1. “Baby Won’t You Please Come Home” by Ella Fitzgerald (1961)
Bessie Smith launched this classic jazz standard back in 1923 and through the years it’s been covered by everyone from Frank Sinatra to Louis Prima to the great Sam Cooke. This version is from Ella’s amazing live album Ella in Hollywood, a sampling of the greatest vocalist of the 20th century while at the height of her powers.

* I don’t want to just drop that casually like it’s something I just do–writing plays, that is–for a living. It’s a pretty unique and special opportunity for me and, I might add, something for which I have no real experience.  I’ll have to write about that sometime.
† The interview is by George Plimpton, “The Art of Fiction No. 119,” The Paris Review, Issue 116 (Fall 1990).

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My Happiness

Elvis Presley was born 83 years ago today. It’s a good time to take a little taste of what made the man special, musically speaking.

Here’s a recording of the song “My Happiness” made by Elvis on July 18, 1953. It’s his first ever recording, an acetate press made for $3.98 at the Memphis Recording Service at Sam Phillip’s Sun Record Company.

There’s no producer here. No technological tricks. No band even. No nothing, really, just Elvis and his guitar and a style made up of the diverse musical upbringing he had.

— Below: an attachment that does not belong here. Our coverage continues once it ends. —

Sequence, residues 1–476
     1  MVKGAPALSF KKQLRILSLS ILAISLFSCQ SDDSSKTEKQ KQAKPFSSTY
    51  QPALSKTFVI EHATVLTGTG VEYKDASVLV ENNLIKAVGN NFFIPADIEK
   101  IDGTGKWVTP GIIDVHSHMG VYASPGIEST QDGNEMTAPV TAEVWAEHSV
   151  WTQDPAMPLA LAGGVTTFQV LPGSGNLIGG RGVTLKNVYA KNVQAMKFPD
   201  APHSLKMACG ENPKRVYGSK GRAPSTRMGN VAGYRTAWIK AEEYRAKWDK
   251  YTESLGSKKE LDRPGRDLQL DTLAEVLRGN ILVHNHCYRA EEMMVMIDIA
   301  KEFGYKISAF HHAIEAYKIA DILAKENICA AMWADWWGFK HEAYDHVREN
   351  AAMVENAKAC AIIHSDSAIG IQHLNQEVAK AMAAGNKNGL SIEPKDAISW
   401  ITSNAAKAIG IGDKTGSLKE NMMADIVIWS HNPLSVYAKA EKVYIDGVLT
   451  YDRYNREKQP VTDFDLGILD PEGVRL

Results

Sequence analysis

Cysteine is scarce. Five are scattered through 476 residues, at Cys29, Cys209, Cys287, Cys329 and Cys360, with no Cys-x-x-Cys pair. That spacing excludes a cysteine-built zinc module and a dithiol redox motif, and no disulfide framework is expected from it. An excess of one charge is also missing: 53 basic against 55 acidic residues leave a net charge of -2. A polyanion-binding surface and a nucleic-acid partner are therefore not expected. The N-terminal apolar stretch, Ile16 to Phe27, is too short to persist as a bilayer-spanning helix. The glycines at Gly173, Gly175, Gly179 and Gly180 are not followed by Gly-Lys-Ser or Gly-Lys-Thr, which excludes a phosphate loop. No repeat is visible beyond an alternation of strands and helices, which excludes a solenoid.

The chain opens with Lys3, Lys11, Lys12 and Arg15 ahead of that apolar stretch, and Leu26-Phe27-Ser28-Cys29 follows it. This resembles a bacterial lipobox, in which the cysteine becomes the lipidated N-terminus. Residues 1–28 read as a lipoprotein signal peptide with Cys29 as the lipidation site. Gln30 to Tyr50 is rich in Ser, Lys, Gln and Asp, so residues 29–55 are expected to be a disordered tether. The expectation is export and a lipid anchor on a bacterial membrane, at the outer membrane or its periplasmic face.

It’s a great example of Elvis in an unadulterated form. Maybe we can think of it as a “pure” Elvis, before he gets marketed as a “product” and long before that process makes it so that many other forces are involved in what his music is.

To put that specialness into context, here are some popular recordings of the song made before Elvis walked into Sun Studios. This is “My Happiness” by the Marlin Sisters, a 1947 recording that is believed to be the first:

Here are Jon and Sondra Steele, whose May 1948 recording was the first “hit” version of the song:

Competing versions by the Pied Pipers and none other than the great Ella Fitzgerald also came out in 1948:

There are elements of all of these in Elvis’ version. Perhaps he’s closest to the last two, which are a touch slower than the earlier ones. But Elvis’ phrasing and vocal shifts are his all alone. He’s more than an imposter, even at this early stage in his career. He was a hybrid, a part of this and that, mixed with something from here and something from there. The resulting style brought together white and black musical styles, along with specific trends from different genres (like country and gospel and rhythm & blues) and made them into something else.

Elvis certainly wasn’t the only one doing this. I’m willing to admit he might not even have been the best. But he certainly wasn’t something to be dismissed. The tradition of that hybridity, mixed with raw talent, and even mixed with the commodification of the marketplace, all that is the history of rock ‘n roll.

So happy birthday to the King!